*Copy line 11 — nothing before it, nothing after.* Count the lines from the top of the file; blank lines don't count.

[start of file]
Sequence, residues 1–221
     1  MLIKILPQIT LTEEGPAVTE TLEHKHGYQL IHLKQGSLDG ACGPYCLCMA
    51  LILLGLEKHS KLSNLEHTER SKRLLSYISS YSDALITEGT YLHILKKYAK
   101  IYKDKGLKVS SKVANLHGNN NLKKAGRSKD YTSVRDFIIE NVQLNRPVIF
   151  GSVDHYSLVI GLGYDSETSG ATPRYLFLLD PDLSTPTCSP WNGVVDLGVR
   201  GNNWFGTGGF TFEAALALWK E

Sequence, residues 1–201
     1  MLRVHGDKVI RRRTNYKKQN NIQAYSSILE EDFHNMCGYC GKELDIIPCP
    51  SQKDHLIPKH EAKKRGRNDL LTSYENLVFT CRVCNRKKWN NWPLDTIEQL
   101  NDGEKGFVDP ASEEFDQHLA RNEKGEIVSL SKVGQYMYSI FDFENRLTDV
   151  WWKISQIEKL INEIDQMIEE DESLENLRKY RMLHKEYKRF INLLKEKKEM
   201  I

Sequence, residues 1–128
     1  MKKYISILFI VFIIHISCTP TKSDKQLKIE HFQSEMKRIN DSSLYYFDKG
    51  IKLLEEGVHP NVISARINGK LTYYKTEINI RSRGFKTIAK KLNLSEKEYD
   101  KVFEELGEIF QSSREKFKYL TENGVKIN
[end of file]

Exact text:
   151  WWKISQIEKL INEIDQMIEE DESLENLRKY RMLHKEYKRF INLLKEKKEM